While I find these contrasts fascinating, what delights and intrigues me the most is not the urban environment but the nature that lies just on its doorstep. Only a couple of hours away lies a completely different world of sandy beaches and pine forests. The Curonian Spit, a thin stretch of sand dunes nearly 100km long, separates the Curonian Lagoon from the Baltic Sea. It’s a UNESCO World Heritage Site that is shared between Russia and Lithuania.
My partner and I take a bus from the Yuzhny (south) station in Kaliningrad to Rybachy, the largest settlement on the Russian side of the Spit, and use it as a starting point to explore the area on foot. It’s difficult to get lost as there’s a single road that stretches all the way along the Spit, which in places is only a few hundred meters wide, but caught up in the magic of the place, we do manage to lose our way. After a moment of panic, I realise that being lost here is not such a bad thing after all. We wander through the forest to the coast, which is relatively deserted despite the incredible weather that we’ve been fortunate enough to experience. Here, running up and down the sand dunes and strolling along the beach in 20+ degrees celsius, I certainly don’t feel as though I am in Russia. In fact, if I close my eyes, I could almost be home in Sydney on a warm spring day.
One of the curious surprises of the Curonian Spit that we find after hiking across to the Curonian Lagoon side, is the Dancing Forest (or Drunken Forest, as many still call it). The name comes from the pines that grow at weird angles and are contorted into bizarre-looking knots, which from a distance make the trees appear to be dancing. It is a strange and wonderful experience to wander amongst these eerie formations and wonder how on earth they came to look this way.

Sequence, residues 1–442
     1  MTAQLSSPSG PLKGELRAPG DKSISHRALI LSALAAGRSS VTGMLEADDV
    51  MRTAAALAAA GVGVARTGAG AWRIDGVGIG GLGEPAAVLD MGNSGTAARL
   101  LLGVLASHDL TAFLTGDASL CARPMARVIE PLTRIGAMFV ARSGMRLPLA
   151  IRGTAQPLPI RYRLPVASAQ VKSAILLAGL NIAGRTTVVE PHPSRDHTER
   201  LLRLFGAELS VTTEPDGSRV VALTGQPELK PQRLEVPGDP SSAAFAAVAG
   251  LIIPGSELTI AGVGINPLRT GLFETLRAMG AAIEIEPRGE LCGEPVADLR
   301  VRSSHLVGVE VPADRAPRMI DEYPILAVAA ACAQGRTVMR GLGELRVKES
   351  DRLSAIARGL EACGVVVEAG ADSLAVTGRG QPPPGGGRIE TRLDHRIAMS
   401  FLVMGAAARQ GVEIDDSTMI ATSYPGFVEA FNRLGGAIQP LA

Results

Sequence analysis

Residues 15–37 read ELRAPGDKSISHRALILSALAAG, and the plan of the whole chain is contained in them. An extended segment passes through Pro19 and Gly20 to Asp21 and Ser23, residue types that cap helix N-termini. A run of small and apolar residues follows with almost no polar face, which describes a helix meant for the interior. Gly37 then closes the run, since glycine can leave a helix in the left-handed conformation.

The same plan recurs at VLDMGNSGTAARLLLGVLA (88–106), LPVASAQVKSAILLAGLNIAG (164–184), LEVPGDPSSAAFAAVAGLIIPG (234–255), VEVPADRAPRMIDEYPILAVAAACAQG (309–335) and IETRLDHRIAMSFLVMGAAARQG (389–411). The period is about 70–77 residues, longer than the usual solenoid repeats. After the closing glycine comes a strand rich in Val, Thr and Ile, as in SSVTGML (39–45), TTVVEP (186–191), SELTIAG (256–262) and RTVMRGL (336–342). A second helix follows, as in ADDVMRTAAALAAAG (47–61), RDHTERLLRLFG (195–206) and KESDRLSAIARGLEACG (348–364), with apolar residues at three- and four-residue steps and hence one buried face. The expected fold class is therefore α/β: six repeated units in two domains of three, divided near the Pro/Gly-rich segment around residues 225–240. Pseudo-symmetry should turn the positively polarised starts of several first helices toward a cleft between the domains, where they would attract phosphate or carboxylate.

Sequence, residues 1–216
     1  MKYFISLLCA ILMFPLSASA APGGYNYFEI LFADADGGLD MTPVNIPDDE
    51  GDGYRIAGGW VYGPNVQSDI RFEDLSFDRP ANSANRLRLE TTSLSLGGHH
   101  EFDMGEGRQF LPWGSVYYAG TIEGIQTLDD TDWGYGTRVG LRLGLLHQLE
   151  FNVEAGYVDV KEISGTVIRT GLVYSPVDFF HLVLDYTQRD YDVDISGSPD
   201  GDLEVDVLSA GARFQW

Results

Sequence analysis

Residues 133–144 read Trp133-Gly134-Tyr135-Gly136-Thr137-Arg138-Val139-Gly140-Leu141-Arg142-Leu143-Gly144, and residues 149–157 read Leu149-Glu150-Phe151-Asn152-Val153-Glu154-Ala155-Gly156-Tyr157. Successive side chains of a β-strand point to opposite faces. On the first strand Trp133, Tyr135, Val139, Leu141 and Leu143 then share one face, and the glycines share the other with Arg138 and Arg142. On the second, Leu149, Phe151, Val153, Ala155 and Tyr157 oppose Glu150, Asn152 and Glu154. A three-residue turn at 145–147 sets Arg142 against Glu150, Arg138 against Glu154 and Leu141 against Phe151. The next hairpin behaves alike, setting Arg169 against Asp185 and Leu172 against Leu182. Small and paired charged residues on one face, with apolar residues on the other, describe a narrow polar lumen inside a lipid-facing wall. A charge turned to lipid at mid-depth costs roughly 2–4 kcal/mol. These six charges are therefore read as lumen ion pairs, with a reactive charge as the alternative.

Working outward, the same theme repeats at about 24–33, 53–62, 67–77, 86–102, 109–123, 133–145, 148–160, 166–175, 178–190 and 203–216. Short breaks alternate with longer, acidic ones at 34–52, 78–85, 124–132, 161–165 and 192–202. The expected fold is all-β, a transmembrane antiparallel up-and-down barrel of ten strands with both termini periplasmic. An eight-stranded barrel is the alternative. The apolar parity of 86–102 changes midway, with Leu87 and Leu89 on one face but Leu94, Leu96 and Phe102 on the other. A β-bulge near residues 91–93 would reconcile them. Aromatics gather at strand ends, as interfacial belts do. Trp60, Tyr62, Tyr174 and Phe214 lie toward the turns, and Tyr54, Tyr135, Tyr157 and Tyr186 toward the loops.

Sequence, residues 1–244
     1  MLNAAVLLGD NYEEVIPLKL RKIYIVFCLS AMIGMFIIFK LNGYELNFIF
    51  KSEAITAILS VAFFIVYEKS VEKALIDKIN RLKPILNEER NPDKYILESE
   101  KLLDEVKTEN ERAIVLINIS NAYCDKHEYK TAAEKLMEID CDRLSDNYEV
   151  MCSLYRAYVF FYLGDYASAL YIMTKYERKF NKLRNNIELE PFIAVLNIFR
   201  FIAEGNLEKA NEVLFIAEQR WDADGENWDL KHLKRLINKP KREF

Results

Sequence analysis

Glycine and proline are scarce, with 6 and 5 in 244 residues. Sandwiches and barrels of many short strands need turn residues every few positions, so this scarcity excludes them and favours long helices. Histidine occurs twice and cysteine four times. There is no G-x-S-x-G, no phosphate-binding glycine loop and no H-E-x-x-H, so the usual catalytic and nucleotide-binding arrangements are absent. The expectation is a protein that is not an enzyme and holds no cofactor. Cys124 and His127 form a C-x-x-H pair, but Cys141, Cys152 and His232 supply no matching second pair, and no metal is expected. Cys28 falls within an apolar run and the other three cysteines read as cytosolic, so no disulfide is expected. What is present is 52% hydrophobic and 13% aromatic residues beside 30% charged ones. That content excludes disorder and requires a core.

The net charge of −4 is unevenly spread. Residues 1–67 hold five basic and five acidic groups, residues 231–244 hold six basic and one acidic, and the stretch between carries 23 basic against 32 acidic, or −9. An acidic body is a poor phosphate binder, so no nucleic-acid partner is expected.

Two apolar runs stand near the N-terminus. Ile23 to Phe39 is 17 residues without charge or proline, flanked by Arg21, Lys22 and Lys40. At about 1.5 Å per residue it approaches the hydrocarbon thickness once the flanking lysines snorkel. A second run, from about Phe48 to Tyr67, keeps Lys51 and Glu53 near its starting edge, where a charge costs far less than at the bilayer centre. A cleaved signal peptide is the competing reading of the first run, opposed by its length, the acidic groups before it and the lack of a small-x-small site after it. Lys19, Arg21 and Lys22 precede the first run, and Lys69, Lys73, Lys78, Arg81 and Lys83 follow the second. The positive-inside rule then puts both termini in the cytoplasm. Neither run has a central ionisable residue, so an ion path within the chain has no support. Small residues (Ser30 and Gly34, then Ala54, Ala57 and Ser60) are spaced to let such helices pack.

I am disappointed when we have to leave the Spit for our bus journey back to the city. For me, visiting this unique natural area has been a highlight of my trip to the region so far. Escaping from the urban jungle has enabled me to disconnect, to soak up the sights, sounds and smells of the forest and the sea, and to appreciate the natural environment around me. It is here that I feel that I have truly begun to understand my partner’s deep personal connection to the Kaliningrad region, and in particular to this special place of sand dunes and dancing trees that feature so centrally in his childhood memories. And though I am thousands of kilometres away from Australia, I will always remember inhaling the fresh sea breeze intermingled with the scent of fresh pine and feeling the sand beneath my toes as I skipped along the coastline, which reminded me, however briefly, of the place that I myself call home.
About the author: Clarissa Hirst is a researcher and freelance travel writer originally from . Sydney, Australia. Currently she lives in Sweden where she pursues doctoral research on identity politics and EU-Russia relations in the Baltic Sea Region. She also writes about her travels around the globe and manages online content for Irish travel startup GoCambio and international education platform PremierTEFL. You can connect with Clarissa on Twitter or LinkedIn.